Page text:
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Paragon Bank’s new savings features can help get around tricky Isa rules: should you switch?

Find out whether more flexible tax-free savings offer the best rates

Paragon Bank’s new savings features can help get around tricky Isa rules: should you switch?

Paragon Bank has launched new Isa savings features that will allow savers to open both a fixed-term and instant-access cash Isa in the same year without falling foul of strict Isa rules. Can you benefit?

Paragon’s new Isa Wallet is a special type of Isa that is known as a portfolio Isa and could help savers struggling in a tough savings market.

Over the past 12 months, average rates have fallen across instant-access, one-year fixed and longer-term fixed accounts. Long-term fixed rates (18 months and more) fared the worst, falling from an average of 1.62% in March 2019 to just 1.34% in February 2020.

However, the introduction of more flexible, innovative features could signal the first flourishes of ‘Isa season’, a time when providers start to launch products to entice new savers.

Here, we explain how portfolio Isas work within the Isa rules and allowances, how Paragon Bank’s offer compares with the rest of the market and which other providers offer portfolio Isas.


What is a portfolio Isa?

Normal Isa rules state that you can only pay into one of each type of Isa during one tax year; the only way to save into more than one would involve performing an Isa transfer.

A portfolio Isa – also known as a Isa Wallet – is a feature where savers are able to split their current £20,000 Isa allowance into more than one cash Isa.

For this to work, the cash Isas must all be held by the same provider, and the provider must be signed up for the portfolio Isa feature.

That way, HMRC only counts it as one cash Isa account – regardless of how many cash Isas you open and pay into under the main account umbrella.

What does the Paragon Bank Isa Wallet feature offer?

Under the portfolio feature, savers can open and deposit into Paragon’s range of six different types of Isa.

Below, we’ve taken a look at how these compare to market-leading rates for each type of deal.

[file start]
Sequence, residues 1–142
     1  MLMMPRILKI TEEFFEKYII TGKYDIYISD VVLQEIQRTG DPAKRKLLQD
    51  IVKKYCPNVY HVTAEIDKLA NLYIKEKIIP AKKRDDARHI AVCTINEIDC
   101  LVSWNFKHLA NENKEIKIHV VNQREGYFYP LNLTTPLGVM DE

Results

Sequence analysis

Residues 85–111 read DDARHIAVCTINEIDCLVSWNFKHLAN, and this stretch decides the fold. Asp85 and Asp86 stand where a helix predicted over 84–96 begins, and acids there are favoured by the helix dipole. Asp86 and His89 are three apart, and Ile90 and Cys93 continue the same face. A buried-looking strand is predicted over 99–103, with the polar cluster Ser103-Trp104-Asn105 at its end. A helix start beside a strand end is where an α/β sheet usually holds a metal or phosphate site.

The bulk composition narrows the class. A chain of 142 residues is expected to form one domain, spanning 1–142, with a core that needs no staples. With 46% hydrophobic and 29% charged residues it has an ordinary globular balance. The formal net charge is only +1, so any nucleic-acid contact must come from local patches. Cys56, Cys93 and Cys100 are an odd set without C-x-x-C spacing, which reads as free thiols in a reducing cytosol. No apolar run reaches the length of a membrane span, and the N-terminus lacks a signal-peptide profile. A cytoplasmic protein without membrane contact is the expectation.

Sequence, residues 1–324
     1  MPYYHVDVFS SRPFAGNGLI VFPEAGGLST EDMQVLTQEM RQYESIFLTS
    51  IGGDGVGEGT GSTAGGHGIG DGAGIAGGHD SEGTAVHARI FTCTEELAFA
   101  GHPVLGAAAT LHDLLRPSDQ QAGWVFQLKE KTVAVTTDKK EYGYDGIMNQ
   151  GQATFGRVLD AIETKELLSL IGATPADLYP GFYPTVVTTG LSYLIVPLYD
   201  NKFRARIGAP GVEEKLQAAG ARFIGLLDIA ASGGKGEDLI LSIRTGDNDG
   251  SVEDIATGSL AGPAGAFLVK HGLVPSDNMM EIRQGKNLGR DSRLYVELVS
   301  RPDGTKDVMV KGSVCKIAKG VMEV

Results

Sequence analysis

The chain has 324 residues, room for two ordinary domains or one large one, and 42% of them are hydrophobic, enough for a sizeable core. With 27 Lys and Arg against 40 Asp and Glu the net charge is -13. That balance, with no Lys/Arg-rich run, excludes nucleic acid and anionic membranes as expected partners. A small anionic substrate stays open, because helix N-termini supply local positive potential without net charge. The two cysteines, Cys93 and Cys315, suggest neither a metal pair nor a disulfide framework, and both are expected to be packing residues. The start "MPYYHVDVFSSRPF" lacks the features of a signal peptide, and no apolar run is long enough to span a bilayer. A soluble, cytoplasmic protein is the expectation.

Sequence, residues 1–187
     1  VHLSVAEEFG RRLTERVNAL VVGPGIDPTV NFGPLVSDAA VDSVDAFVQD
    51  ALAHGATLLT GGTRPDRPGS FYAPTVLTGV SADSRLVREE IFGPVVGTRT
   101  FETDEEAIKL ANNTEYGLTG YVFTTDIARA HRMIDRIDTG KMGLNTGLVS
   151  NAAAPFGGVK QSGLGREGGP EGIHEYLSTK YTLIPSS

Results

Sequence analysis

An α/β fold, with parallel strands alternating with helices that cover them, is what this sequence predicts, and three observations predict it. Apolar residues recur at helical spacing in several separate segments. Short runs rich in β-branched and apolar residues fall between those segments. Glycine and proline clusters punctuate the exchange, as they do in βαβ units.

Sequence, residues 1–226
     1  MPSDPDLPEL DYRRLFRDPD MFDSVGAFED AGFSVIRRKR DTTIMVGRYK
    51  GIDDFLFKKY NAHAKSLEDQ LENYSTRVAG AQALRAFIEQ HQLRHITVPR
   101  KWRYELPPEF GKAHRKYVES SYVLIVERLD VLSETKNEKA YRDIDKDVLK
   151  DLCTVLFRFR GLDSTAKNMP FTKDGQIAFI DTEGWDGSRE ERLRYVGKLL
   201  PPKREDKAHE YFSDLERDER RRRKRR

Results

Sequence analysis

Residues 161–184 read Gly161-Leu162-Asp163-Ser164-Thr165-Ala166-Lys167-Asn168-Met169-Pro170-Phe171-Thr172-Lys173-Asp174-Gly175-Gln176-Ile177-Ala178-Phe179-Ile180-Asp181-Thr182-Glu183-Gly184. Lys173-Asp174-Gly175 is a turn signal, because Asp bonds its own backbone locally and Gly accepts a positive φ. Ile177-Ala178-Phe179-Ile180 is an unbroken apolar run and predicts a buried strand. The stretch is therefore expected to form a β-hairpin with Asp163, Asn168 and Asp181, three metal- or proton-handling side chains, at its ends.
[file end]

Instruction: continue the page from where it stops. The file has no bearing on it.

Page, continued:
Type of  Isa account Paragon’s rates (AER) Current market-leading rates (AER)
Instant-access 1.21% 1.35%
120-day notice Isa 1.31% 1.31%
One-year fixed rate 1.35% 1.41%
Two-year fixed rate 1.45% 1.5%
Three-year fixed rate 1.5% 1.55%
Five-year fixed rate 1.6% 1.7%

Source: Paragon and Moneyfacts data.

Paragon’s notice Isa offers a market-leading rate and the others are pretty competitive, too.

As an extra bonus, Paragon Bank has also made its instant-access account flexible. This means that when you replace any withdrawals, the money you pay in won’t reduce your remaining Isa allowance.

Paragon told Which? that any existing customers who have the instant-access Isa will have any withdrawals made after 10 January 2020 added back to their Isa allowance for the current tax year.

How many portfolio Isa providers are there?

There are currently 12 providers (including Paragon Bank) offering a portfolio Isa. We’ve outlined the features of each in the table below.

If you’re weighing up saving with one of these providers, it’s worth considering a few things:

  • Are the interest rates competitive?
  • Can it be opened and managed by a method that suits you?
  • Will you be able to abide by any terms or restrictions placed on the accounts?

Alternatively, you could save into a savings account – an option where there’s no limit on how many accounts you can open or save into.

However, any interest earned is not tax-free and therefore counts towards your personal savings allowance.

Basic-rate taxpayers’ allowance means they can earn up to £1,000 before paying tax; higher-rate taxpayers have an allowance of £500, but additional-rate taxpayers don’t receive an allowance.

Help to Buy Isas are transfer-in only, if at all

The usual Isa rules can be frustrating to those saving into a Help to Buy Isa.

It’s a cash Isa, and therefore anyone who pays into one of these accounts is restricted from paying into any other cash Isa accounts in the same tax year.

However, its payment restrictions mean that savers can only pay up to £2,400 (£3,400 in the first year) – a figure that falls very short of the annual £20,000 Isa allowance.

It’s in this instance that a portfolio Isa, which covers a Help to Buy Isa and other cash options, can be particularly useful – but, since Help to Buy Isas closed to new customers on 30 November 2019, this utility is only available to anyone who already has an account.

Some portfolio Isa providers, such as Newcastle Building Society, allow you to transfer over existing Help to Buy Isa savings from elsewhere and continue saving for your first home, as well as in other cash Isas.

Lifetime Isa doesn’t need to be included

Lifetime Isas aren’t included in portfolio offerings, simply because they don’t need to be.

Unlike Help to Buy Isas, rules allow savers to pay into a lifetime Isa – be it a cash or stocks and shares account – as well as a ‘normal’ cash or stocks and shares Isa.

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